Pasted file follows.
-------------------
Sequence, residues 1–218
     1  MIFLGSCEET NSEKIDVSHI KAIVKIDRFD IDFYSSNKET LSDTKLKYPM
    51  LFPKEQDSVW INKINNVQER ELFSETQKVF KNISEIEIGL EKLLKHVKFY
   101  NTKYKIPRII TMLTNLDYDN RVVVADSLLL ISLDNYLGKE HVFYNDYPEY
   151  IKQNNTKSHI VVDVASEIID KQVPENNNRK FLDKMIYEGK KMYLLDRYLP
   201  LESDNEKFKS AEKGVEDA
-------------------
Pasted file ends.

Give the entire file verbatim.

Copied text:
Sequence, residues 1–218
     1  MIFLGSCEET NSEKIDVSHI KAIVKIDRFD IDFYSSNKET LSDTKLKYPM
    51  LFPKEQDSVW INKINNVQER ELFSETQKVF KNISEIEIGL EKLLKHVKFY
   101  NTKYKIPRII TMLTNLDYDN RVVVADSLLL ISLDNYLGKE HVFYNDYPEY
   151  IKQNNTKSHI VVDVASEIID KQVPENNNRK FLDKMIYEGK KMYLLDRYLP
   201  LESDNEKFKS AEKGVEDA